• 19.
    Johansson Sevä, Ingemar
    et al.
    Umeå universitet, Samhällsvetenskapliga fakulteten, Sociologiska institutionen.
    Öun, Ida
    Umeå universitet, Samhällsvetenskapliga fakulteten, Sociologiska institutionen.
    Conditional representation: Gendered experiences of combining work and family among local politicians2019Ingår i: Journal of women, politics & policy, ISSN 1554-4788, E-ISSN 1554-4788, Vol. 40, nr 3, s. 367-384Artikel i tidskrift (Refereegranskat)
    Abstract [en]

    This article focuses on working and living conditions among local politicians in Sweden, and on their experiences of combining political work and family life. Applying a sociological perspective on representation, we first map the working and living conditions represented among politicians, with a specific focus on gender and age. We then examine experiences of work-family conflict and subjective well-being, and investigate how these outcomes are related to gender, age, and working and living conditions. The main findings show significant gender differences in working and living conditions, and substantially higher levels of work-family conflict among young female politicians.

  • 20.
    Johansson Sevä, Ingemar
    et al.
    Umeå universitet, Samhällsvetenskapliga fakulteten, Sociologiska institutionen.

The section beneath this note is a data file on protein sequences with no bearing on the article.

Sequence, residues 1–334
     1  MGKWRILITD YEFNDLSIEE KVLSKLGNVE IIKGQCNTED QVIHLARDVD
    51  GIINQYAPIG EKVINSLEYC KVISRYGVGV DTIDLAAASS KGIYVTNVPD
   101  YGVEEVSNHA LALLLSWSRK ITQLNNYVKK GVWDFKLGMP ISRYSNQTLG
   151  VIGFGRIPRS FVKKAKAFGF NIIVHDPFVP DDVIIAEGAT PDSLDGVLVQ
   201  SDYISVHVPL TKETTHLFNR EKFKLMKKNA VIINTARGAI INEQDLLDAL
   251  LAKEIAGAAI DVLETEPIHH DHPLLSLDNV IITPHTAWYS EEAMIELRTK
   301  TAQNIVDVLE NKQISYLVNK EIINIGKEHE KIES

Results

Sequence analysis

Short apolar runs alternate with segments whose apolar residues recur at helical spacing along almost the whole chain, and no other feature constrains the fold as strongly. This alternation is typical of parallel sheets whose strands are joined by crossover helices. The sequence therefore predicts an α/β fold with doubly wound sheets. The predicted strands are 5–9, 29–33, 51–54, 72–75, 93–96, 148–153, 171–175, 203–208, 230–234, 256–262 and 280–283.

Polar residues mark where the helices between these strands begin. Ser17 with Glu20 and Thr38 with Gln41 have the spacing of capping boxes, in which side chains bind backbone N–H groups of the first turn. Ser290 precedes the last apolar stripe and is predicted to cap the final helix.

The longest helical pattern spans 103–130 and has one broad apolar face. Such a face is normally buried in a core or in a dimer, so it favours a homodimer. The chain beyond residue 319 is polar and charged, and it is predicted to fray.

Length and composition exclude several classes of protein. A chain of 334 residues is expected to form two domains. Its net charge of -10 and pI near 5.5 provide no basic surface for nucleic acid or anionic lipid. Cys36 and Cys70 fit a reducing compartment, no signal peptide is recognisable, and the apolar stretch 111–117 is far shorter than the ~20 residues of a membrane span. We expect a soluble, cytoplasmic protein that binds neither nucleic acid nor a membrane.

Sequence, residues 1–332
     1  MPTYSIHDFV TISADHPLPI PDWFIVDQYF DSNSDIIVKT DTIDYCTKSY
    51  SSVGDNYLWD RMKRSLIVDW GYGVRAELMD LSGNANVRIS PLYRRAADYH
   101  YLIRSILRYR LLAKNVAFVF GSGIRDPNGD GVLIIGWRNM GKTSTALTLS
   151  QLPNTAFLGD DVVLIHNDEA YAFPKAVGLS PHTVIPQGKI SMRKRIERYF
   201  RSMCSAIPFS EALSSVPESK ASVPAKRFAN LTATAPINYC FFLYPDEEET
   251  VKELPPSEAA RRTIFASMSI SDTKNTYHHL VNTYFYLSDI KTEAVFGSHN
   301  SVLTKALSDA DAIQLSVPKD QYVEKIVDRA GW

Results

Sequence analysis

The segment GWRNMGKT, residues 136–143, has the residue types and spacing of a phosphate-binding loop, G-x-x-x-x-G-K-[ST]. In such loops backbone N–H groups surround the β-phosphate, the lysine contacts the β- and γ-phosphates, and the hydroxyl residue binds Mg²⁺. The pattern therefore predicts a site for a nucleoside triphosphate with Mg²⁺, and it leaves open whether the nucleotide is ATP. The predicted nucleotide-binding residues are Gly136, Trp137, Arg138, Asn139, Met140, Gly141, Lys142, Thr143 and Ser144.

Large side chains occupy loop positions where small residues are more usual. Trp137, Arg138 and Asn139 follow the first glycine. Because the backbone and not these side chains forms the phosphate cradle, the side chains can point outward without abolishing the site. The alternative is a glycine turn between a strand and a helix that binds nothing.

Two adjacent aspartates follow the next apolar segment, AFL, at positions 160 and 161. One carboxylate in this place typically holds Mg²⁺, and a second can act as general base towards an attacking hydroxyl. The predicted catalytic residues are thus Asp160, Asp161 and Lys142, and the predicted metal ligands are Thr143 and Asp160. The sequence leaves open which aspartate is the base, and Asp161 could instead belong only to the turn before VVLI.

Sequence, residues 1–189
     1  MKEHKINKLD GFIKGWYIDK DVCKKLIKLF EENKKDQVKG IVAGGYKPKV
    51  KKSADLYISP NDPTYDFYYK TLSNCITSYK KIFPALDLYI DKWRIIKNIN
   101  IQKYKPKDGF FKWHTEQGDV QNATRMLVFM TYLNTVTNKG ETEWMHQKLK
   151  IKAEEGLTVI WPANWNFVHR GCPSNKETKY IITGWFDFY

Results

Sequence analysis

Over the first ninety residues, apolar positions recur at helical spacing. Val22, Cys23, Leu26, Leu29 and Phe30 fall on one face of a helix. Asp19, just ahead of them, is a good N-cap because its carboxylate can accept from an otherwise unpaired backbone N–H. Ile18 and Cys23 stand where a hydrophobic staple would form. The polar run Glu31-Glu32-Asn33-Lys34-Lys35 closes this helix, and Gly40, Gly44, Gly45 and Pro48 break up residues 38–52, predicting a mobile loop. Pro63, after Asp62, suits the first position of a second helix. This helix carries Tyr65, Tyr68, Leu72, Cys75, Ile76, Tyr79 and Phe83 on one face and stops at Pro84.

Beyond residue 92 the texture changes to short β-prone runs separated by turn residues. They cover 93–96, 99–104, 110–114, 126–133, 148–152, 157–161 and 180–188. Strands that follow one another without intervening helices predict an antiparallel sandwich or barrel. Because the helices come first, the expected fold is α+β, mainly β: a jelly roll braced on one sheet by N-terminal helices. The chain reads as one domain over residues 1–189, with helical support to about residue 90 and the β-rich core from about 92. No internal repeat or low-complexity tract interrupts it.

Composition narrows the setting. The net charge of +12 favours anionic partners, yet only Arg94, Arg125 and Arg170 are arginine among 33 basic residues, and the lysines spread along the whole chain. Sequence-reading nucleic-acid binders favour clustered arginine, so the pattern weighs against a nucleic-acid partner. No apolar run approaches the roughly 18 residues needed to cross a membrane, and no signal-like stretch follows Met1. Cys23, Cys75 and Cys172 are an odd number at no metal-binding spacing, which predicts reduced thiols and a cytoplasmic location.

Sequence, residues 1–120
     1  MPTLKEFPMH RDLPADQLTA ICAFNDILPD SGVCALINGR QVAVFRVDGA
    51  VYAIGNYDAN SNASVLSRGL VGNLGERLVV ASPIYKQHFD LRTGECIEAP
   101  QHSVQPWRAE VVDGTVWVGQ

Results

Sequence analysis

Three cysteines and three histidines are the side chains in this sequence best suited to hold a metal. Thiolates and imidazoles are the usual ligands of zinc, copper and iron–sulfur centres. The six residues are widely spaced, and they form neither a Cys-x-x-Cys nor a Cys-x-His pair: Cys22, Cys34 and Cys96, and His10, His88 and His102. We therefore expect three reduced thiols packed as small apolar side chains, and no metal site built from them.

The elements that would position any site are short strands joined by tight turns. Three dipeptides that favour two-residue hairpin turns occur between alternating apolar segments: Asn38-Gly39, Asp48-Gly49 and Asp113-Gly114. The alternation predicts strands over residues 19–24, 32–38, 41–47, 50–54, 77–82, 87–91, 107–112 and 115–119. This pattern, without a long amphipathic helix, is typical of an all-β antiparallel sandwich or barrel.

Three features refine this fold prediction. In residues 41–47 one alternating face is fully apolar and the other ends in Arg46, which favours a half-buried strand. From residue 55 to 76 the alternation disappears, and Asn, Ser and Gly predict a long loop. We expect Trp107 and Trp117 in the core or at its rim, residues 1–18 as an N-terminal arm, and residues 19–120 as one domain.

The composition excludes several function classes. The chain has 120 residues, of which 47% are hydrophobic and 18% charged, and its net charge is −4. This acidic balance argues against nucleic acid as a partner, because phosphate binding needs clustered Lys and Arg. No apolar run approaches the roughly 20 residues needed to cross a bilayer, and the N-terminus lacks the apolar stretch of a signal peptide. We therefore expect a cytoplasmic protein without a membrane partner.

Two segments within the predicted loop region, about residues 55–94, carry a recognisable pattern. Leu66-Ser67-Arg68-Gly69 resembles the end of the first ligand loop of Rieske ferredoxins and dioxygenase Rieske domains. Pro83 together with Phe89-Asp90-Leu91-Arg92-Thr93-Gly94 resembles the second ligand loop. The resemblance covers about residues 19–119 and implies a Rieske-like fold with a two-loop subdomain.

Öun, Ida
    Umeå universitet, Samhällsvetenskapliga fakulteten, Sociologiska institutionen.
    Self-Employment as a Strategy for Dealing with the Competing Demands of Work and Family? The Importance of Family/Lifestyle Motives2015Ingår i: Gender, Work and Organization, ISSN 0968-6673, E-ISSN 1468-0432, Vol. 22, nr 3, s. 256-272Artikel i tidskrift (Refereegranskat)
    Abstract [en]

    In this paper, we test the argument that self-employment may be a strategy for dealing with competing demands of work and family. We do this by comparing work–family conflict experienced by self-employed and employed men and women. By examining to what extent the selfemployed versus regularly employed value time for themselves and their family — i.e., whether they are driven by family/lifestyle motives in their working life — we examine whether selfemployment can help reduce work–family conflict among those guided by family/lifestyle motives. Using data from a 2011 Swedish survey of 2483 self-employed and 2642 regularly employed, the analyses indicate that experiences of work–family conflict differ between selfemployed and employees. Self-employed men and women, especially those with employees, generally experience more work–family conflict than do employees. However, self-employment can sometimes be a strategy for dealing with competing demands of work and family life. The presence of family/lifestyle motives generally decreases the probability of experiencing work–family conflict, particularly among self-employed women with employees.

  • 21.
    Kulin, Joakim
    et al.
    Umeå universitet, Samhällsvetenskapliga fakulteten, Sociologiska institutionen.
    Johansson Sevä, Ingemar
    Umeå universitet, Samhällsvetenskapliga fakulteten, Sociologiska institutionen.
    The Role of Government in Protecting the Environment: Quality of Government and the Translation of Normative Views about Government Responsibility into Spending Preferences2019Ingår i: International Journal of Sociology, ISSN 0020-7659, E-ISSN 1557-9336, Vol. 49, nr 2, s. 110-129Artikel i tidskrift (Refereegranskat)
    Abstract [en]